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by R.S. Mellette

Jennifer Vance of Books Forward, you saved the book! Or, you know, at least kept the release date from being pushed back to oblivion.

Spoiler Alert—At the end of this story, we finally get our cover.

Now that we have the cover wrapped up, here are some details of the issues we were having. 

Like Star Wars, Kiya And The Morian Treasure doesn’t include Earth, and I’m one of those writers who likes to keep physical descriptions terse so the reader can envision herself in the role. For those reasons, I sent my publisher notes about how I pictured each character. For Kiya, the thumbnail was “Tina Turner from Thunderdome, but around 19-years old.” 

The first draft, due in November, came at the end of the month and was a blonde, white woman.

To be fair, Kiya’s hair does change color and at one point she does turn blonde. Fine. I didn’t mind that too much, but the narrator/sidekick, Nadir, wasn’t on the cover at all. So my big note, publisher Matt’s big note, and Jenn’s big note was to include Nadir.

At the end of December, we get this draft:

Well… Kiya is great, but still no Nadir. I know that some contracts limit the number of characters on the cover, but I was assured that wasn’t the case here. I give notes to that effect, also that the background is too busy for text.

Nothing comes in January. In February we suspend the PR campaign. On February 28th, publicist Jenn—the one I’m spending all the money on, which is what this series of articles is supposed to be about—sent an email to Matt and I basically saying, “I’m starting up again, are you coming?” That’s how she saved the book.

Matt gets in gear firing off an angry email to either the artist or his agent, I’m not sure.

On March 4th, we get this:

REALLY!?! I mean, nice job creating Nadir, but there are TWO CHARACTERS! It’s like Starsky without Hutch. Hall with no Oates. 

By ten days into March, I’m waking up at 4:00 in the morning sweating bullets. I have a handful of Photoshop skills from an old day job, so on March 12th, I download the software and with my extremely limited skills create my own cover:

Of course, without closing the deal with the artist, there are legal issues, which I get. And I’m not complaining about the quality of the work, but you see my points, right? Matt, being afraid of the legality, doesn’t want to use my draft, but sends another angry email. I suggest sending my draft and saying, “Something exactly like this!” I don’t know if he did or not.

More morning insomnia for me. Finally, March 20th, I get out of bed at 4:30 to draft an email to the artist saying, we’re obviously on a path toward court, but as I’ve invested $20,000 based on the art being done in November, it won’t be small claims. I asked, in lieu of a suit, that he give us the rights to the second two drafts, and we’ll pay the original contract and be done. I sent it to Matt. He liked it but fired off another email of his own instead, promising to send mine if this one didn’t work.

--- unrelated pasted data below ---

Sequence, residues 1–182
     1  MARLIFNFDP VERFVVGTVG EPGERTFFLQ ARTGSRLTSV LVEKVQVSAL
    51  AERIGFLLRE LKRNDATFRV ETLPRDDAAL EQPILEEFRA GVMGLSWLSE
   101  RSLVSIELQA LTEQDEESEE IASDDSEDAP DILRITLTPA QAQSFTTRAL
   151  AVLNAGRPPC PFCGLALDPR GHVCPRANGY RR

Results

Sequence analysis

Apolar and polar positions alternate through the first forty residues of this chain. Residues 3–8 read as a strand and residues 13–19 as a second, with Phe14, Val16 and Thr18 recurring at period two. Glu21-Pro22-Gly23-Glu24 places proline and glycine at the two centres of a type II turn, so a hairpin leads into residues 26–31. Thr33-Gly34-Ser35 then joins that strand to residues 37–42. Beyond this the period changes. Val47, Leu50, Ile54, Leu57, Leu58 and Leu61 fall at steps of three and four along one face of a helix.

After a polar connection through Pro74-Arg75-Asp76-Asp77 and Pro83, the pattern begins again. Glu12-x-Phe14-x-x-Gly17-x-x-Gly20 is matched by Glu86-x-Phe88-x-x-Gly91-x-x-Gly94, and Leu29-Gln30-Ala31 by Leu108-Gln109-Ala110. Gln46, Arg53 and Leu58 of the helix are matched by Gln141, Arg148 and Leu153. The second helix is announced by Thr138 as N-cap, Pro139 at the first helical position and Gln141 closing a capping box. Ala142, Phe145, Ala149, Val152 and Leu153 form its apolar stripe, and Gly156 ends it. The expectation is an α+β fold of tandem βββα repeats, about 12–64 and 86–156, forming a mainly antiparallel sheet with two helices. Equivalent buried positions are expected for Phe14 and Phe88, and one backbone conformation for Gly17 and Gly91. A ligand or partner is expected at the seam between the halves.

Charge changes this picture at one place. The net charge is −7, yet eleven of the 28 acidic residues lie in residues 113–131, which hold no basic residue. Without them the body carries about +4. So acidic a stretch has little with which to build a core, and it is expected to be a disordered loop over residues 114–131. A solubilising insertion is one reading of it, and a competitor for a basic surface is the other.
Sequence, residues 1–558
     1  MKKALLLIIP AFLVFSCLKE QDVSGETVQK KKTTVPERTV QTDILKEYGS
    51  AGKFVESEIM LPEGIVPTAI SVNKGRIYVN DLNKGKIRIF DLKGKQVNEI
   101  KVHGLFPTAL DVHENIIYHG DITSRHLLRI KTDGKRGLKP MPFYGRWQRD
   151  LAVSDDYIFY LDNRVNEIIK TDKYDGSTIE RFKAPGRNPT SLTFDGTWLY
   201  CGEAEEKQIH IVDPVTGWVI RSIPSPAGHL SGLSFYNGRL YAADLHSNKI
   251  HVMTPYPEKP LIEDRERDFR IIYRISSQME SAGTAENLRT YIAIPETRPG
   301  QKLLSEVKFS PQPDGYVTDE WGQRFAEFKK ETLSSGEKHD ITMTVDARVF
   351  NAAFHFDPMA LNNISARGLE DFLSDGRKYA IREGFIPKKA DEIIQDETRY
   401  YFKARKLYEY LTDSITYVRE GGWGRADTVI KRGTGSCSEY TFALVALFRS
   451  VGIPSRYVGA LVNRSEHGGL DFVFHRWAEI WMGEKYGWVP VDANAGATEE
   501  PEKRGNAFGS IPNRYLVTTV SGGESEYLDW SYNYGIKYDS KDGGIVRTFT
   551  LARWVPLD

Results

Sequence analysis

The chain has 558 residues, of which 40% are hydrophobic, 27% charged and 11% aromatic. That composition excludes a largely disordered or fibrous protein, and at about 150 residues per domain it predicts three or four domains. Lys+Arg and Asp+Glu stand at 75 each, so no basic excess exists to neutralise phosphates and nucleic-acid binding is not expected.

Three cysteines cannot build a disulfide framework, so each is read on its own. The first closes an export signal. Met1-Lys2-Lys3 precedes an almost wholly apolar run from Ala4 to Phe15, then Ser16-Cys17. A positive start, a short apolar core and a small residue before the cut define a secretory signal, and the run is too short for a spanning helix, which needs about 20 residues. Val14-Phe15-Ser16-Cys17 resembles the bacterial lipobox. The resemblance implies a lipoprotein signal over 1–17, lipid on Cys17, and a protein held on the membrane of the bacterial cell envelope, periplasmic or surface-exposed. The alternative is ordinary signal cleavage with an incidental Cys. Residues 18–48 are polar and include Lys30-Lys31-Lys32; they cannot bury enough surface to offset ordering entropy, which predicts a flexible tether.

That same day, Jenn said we’d have to push back the release if we didn’t get it soon.

March 22nd, we get:

Everyone agrees this is the one, so things can get moving.

The audio book requires a square piece of art, which is part of the deliverables from the artist, but I know better than to wait for this guy. Once everything’s agreed, I get the audio book campaign going with the cover I made. If you remember, the idea is to present the first nine chapters as a free podcast series. I was planning on doing them once a week for 9 weeks, but now we’re late, so once a week leading up to the release, then one a day. Within a few hours, the first audio chapter is live. You can follow the podcast release here—or wherever you get your podcasts.

Jenn also gets busy. With art in hand, she gets my press release placed as an interview with Azure Dwarf and Reading Renee. And several other pending interviews and reviews.

Throughout these articles, I haven’t named the artist because I don’t have a problem with his finished work. This behind-the-scenes blog for fellow professionals is the only place I’ll tell the whole story because when talking about the book in public my job is simple—make people want to read it.

I would get that opportunity when I ran across a Facebook post by one of my 4,000+ followers saying he’d had a novelist have to cancel on a panel he was organizing and could anyone fill in?

A few days later, I’m off to WonderCon.

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R.S. Mellette is on the board of the LA Region of SCBWI as the PAL Liaison.

Images provided by the author.